MIT-educated anti-vaxxer doctor who treated COVID patients with Ivermectin and hydroxychloroquine has her license suspended and must undergo psychiatric evaluation ‘for spreading misinformation’
- Dr Meryl Ness, 70, had her medical license suspended in Maine over COVID misinformation
- Maine’s Board of Licensure in Medicine voted to have Ness, who has been practicing medicine for four decades, undergo psychiatric evaluation
- Ness is accused of prescribing COVID patients animal anti-parasite drug Ivermectin and malaria drug Hydroxychloroquine
- Some patients ended up in the hospital, one of them having to be intubated
- She also prescribed Hydroxychloroquine to a pregnant COVID patient
- Ness admitted to the board that she lied to a pharmacist that her patient had Lyme disease to obtain Hydroxychloroquine to treat COVID
- MIT-educated internist is affiliated with anti-vaxx group and has called CDC a ‘criminal agency’
A medical board in Maine has suspended the license of an MIT-educated doctor who was accused of spreading misinformation about COVID-19 and treating some of her patients with Ivermectin and Hydroxychloroquine.
Maine’s Board of Licensure in Medicine voted last week to conduct a deeper investigation into Dr Meryl Nass, from Ellsworth. The board also voted to suspend her license for 30 days and have her undergo a psychiatric evaluation.
The board stated in its January 12 order that allowing Nass to continue practicing medicine ‘constitutes an immediate jeopardy to the health and physical safety of the public who might receive her medical services.’
Nass, 70, is an internist who is active in Children’s Health Defense, a group that agitates against vaccines and vaccine mandates.
Dr Meryl Ness, 70, last week had her medical license suspended in Maine for 30 days for allegedly spreading COVID misinformation
The medical board has received at least two complaints that Nass was spreading misinformation about the virus on her blog and on Twitter.
Nass’ suspension also stems from treating her COVID-stricken patients with Ivermectin, which is an anti-parasite drug used predominantly for animals, and with Hydroxychloroquine, even though the Food and Drug Administrator had revoked an emergency use authorization for the latter because it may not be effective against the virus.
On December 19, 2021, another doctor inform the Maine board that Nass had diagnosed an unvaccinated patient with COVID over the phone and prescribed to him five days of Ivermectin.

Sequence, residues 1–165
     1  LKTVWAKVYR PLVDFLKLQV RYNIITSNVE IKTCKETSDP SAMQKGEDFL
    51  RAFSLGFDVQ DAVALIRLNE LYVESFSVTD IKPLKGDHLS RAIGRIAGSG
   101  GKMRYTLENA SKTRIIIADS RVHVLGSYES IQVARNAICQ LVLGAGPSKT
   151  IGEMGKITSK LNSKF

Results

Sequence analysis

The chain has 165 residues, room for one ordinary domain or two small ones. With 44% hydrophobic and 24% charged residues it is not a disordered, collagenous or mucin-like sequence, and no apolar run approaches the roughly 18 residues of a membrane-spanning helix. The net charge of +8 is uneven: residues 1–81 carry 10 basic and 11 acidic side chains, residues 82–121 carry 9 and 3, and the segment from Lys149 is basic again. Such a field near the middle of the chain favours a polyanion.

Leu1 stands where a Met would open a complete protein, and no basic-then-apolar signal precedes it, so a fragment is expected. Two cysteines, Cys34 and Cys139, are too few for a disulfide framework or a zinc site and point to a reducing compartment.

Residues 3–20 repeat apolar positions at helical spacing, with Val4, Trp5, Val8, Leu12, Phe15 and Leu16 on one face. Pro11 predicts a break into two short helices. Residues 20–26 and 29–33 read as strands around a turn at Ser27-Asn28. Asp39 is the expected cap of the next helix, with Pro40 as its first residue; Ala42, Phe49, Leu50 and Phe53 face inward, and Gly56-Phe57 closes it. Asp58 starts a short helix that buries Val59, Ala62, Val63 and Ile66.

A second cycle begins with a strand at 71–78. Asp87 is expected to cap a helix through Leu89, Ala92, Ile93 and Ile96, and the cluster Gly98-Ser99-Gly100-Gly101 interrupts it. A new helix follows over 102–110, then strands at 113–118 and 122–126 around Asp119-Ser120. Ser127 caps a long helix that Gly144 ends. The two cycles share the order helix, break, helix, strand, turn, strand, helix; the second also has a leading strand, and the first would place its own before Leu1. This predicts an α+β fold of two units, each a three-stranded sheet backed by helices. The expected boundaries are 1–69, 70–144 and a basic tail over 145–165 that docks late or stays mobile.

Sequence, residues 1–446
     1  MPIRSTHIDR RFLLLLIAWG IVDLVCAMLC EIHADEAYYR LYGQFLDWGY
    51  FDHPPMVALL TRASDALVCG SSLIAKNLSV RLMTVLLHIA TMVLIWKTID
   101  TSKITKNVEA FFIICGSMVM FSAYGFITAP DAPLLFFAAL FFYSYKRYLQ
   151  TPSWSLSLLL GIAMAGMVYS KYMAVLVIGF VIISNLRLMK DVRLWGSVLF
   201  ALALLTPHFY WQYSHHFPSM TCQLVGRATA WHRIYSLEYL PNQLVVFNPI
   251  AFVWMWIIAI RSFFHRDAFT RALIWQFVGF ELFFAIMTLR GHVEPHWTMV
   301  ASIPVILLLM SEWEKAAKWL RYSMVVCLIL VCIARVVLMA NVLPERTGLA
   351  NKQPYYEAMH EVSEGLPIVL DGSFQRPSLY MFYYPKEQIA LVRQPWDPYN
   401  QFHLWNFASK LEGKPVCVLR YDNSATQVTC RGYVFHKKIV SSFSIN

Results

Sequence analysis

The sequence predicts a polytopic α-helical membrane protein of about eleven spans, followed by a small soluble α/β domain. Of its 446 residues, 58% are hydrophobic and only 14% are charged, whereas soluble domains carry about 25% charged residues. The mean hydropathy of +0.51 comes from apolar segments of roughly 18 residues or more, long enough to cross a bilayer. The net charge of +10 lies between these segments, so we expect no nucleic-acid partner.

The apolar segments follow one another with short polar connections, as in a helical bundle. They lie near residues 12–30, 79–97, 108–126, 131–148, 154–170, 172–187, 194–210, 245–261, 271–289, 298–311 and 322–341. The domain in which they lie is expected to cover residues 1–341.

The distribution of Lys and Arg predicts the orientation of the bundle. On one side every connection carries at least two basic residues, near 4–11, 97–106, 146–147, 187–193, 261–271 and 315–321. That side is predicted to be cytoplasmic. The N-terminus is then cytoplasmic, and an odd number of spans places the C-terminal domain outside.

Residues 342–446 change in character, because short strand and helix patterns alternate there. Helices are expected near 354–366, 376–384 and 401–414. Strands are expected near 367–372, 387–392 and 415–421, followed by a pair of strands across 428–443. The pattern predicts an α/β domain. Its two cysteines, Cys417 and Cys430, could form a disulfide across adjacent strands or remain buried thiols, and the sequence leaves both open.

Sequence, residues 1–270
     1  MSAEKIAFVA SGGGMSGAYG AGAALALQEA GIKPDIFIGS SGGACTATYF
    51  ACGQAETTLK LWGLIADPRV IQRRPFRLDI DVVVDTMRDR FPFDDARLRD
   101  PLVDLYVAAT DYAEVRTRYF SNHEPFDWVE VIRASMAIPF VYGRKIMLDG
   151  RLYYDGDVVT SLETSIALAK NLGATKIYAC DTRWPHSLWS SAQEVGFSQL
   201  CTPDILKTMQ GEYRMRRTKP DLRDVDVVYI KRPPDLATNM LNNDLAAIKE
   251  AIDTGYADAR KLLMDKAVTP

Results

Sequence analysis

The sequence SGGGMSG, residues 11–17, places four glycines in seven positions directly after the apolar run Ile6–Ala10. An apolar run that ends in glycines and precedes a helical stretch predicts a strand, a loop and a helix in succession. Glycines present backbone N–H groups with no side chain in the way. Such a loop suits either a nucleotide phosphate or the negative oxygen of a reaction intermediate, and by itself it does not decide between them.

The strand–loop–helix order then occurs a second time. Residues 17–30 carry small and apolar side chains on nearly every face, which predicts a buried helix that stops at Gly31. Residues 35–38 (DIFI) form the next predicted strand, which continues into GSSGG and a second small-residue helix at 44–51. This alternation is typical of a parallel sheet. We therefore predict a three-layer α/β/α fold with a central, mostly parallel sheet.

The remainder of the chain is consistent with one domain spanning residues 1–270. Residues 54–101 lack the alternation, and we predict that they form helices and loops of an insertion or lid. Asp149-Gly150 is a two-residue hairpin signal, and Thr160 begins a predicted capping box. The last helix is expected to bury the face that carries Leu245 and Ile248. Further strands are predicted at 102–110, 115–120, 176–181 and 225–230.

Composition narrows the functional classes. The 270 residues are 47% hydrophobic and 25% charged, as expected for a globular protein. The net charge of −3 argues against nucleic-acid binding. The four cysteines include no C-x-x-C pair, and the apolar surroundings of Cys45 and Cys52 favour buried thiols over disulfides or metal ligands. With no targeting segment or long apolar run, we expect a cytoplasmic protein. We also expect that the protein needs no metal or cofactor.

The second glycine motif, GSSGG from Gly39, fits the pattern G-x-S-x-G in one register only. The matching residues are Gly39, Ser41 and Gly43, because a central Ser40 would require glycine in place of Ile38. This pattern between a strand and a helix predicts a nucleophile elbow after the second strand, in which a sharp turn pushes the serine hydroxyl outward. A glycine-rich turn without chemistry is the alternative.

The patient’s son later texted Nass, telling her his father was ‘borderline delirious. He moans on every exhale and he says says snippers of things that don’t make sense at all,’ read the text, which was quoted in Ness’ suspension order.
The son informed the internist that both his parents were ‘not doing well at all.’
He added: ‘My dad’s breathing is very shallow and when he tries to breathe deeply he begins to cough violently. I don’t see any signs of improvement. When do i need to consider taking him to the ER? Should we be taking more ivermectin?’
In another case, Ness self-reported to the medical board that she had lied to a pharmacist that her patient had Lyme disease in order to obtain hydroxychloroquine to treat his COVID, saying ‘this was the only way to get a potentially life-saving drug for my patient.’
Ness’ practice in Ellworth, Maine, is currently closed because of her 30-day suspension
Nass also referred to her conversation with the pharmacist during a Zoom meeting with members of the Maine State Legislature, telling them: ‘I lied and said the patient had Lyme disease and so the pharmacist dispended the medication only because I lied…’
The COVID patient, who had multiple comorbidities, ultimately had to be hospitalized and intubated. He was discharged from the hospital 20 days later.
On New Year’s Eve, the board received a report from a certified midwife nurse, who informed its members that one of her pregnant patients contracted COVID earlier last year and had been prescribed Hydroxychloroquine by Nass.
Nass, who has degrees from the prestigious Massachusetts Institute of Technology and University of Mississippi Medical School, has practiced medicine for four decades and in recent years has been increasingly critical about the safety and effectiveness of vaccines, including ones for COVID-19.
Nass wrote in a blog post recently that her lawyer predicted she would lose her licenses during the medical board’s meeting, Maine Public reported.
She has also blogged that COVID-19 vaccines are associated with reproductive harm. No recognized medical body has substantiated that claim, which is oft repeated in anti-vaxx circles.
Nass has also described the US Centers for Disease Control and Prevention as a ‘criminal agency.’
Nass’ medical license is suspended until February 11, pending a yet-to-be scheduled hearing.